Presentation on theme: "Maximization, Incomparability, and Managerial Choice “The Accountable Corporation” Third Biennial Global Conference on Business Ethics Markkula Center."— Presentation transcript:
Maximization, Incomparability, and Managerial Choice “The Accountable Corporation” Third Biennial Global Conference on Business Ethics Markkula Center for Applied Ethics, Santa Clara University February 2005 Nien-hê Hsieh Legal Studies Department
CORPORATE ACCOUNTABILITY The market value thesis is a prominent account of corporate accountability: Managers should make all decisions so as to increase the total long-run market value of the firm (Jensen 2002: 236). Against the market value thesis, most accounts of corporate accountability (e.g., stakeholder theory) require managers to incorporate non-shareholder interests. A recent defense of the market value thesis raises a novel challenge for such alternatives to the market value thesis.
MAXIMIZATION Michael Jensen defends the market value thesis on grounds of the requirements of justified choice (2002). Justified choice requires a single dimensional objective to be maximized. Long-run market value is one such objective. Stakeholder theory lacks such an objective. Jensen’s account reflects the widely held view that justified choice requires maximization and, more generally, the comparability of alternatives (Chang 1998). Maximization: the choice of the alternative that is at least as good Distinct from Amartya Sen’s conception (2000)
THE CHALLENGE According to Jensen’s account, alternatives to the market value thesis (e.g., stakeholder theory) are to be rejected not only as a matter of morality, but more fundamentally as a requirement of rationality. For proponents of alternatives to the market value thesis, the challenge is to articulate a framework for managerial choice that is distinct from the market value thesis, but remains consistent with the view that justified choice requires maximization.
COMPETING INTERESTS Accounts of corporate accountability, such as stakeholder theory, require managers to incorporate interests that compete with those of shareholders. Example of wage negotiations Incorporation of competing interests need not require rejecting the view of justified choice as maximization. Single dimension of value (e.g., monetary) Differ from the market value thesis in terms of the weights attached to interests other than those of shareholders
PLURAL VALUES Example of routing an oil pipeline Route A: shorter and passes through a fragile ecosystem Route B: longer and passes through a barren desert Accounts of corporate responsibility, such as stakeholder theory, may also reflect a recognition of plural values that cannot be captured in monetary terms: People value environmental goods in ways other than use: we admire many wild animals, feel wonder and awe at spectacular storms and volcanic eruptions, demand consideration for delicate ecosystems, appreciate mountains and seascapes for their beauty (Anderson 1993: 205).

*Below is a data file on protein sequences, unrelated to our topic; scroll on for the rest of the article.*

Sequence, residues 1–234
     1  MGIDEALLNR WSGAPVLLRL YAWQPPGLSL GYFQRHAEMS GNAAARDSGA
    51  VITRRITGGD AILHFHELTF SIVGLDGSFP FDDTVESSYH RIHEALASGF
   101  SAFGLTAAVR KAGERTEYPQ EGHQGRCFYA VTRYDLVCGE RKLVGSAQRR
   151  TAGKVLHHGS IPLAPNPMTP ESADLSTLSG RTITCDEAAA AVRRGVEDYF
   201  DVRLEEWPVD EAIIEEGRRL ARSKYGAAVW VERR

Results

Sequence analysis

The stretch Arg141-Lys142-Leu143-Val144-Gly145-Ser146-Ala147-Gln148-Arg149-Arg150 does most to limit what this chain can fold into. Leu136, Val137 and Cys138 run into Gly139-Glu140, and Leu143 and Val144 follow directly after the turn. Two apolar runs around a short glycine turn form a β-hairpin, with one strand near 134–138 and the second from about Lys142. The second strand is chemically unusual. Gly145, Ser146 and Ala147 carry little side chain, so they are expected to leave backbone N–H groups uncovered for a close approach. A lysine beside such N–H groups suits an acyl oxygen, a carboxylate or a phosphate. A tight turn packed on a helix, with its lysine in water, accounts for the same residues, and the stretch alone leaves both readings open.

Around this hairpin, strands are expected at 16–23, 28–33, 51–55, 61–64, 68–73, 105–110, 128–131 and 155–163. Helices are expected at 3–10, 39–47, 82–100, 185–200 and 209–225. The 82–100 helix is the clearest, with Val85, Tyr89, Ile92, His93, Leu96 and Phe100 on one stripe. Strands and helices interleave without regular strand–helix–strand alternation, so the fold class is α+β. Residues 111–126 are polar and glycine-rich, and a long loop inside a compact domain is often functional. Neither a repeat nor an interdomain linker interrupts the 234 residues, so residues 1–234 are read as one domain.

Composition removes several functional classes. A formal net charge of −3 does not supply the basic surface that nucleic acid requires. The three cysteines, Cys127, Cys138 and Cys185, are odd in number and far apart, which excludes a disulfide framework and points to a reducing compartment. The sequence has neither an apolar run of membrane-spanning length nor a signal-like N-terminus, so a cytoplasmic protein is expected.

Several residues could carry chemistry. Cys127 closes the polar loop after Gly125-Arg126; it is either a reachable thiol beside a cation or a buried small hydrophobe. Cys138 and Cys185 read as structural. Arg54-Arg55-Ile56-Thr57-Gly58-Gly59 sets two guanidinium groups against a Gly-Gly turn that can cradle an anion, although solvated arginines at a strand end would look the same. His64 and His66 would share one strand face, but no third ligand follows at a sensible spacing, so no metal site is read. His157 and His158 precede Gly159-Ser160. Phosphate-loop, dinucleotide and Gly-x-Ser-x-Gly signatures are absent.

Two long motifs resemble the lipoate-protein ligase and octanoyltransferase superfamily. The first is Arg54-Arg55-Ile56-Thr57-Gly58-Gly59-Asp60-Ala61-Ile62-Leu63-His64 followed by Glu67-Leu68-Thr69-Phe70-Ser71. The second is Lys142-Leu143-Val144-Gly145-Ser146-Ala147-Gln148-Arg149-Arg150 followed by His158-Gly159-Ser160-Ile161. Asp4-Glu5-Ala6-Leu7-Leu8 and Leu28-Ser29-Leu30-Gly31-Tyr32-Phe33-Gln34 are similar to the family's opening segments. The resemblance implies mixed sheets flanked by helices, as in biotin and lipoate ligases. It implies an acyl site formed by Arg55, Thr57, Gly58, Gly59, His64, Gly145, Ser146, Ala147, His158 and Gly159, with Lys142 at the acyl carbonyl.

INCOMPARABILITY Two alternatives are incomparable if there is no positive value relation (e.g., “better than,”) that holds between them in virtue of the relevant covering consideration (Chang 2002). If market value and environmental value are both considered relevant, then justified choice is not possible between Route A and Route B. They are incomparable. The challenge raised by Jensen would appear to remain.
CONSTRAINTS AND PRIORITIES Constraints rule out certain courses of action Example of human rights Priorities specify certain courses of action Example of rescue Recognizing constraints and priorities in the process of maximizing long-run market value provides one way in which to incorporate competing interests and plural values into theories of corporate accountability.
CLUMPINESS Clumpy covering considerations sort items into classes based upon the degree to which the items possess each of the relevant respects that comprise the covering consideration, which may consist of plural values (Hsieh forthcoming). Example of grading student papers Clumpy covering considerations permit maximization. Example of the oil pipeline Potential sources for clumpy covering considerations: Corporate codes of conduct and mission statements Corporate history and culture
CONCLUSION According to Jensen’s account, alternatives to the market value thesis (e.g., stakeholder theory) are to be rejected not so much as a matter of morality but rather as a requirement of rationality. Theories of corporate accountability can incorporate competing interests and plural values without rejecting the view that justified choice requires maximization. Constraints and priorities Clumpy covering considerations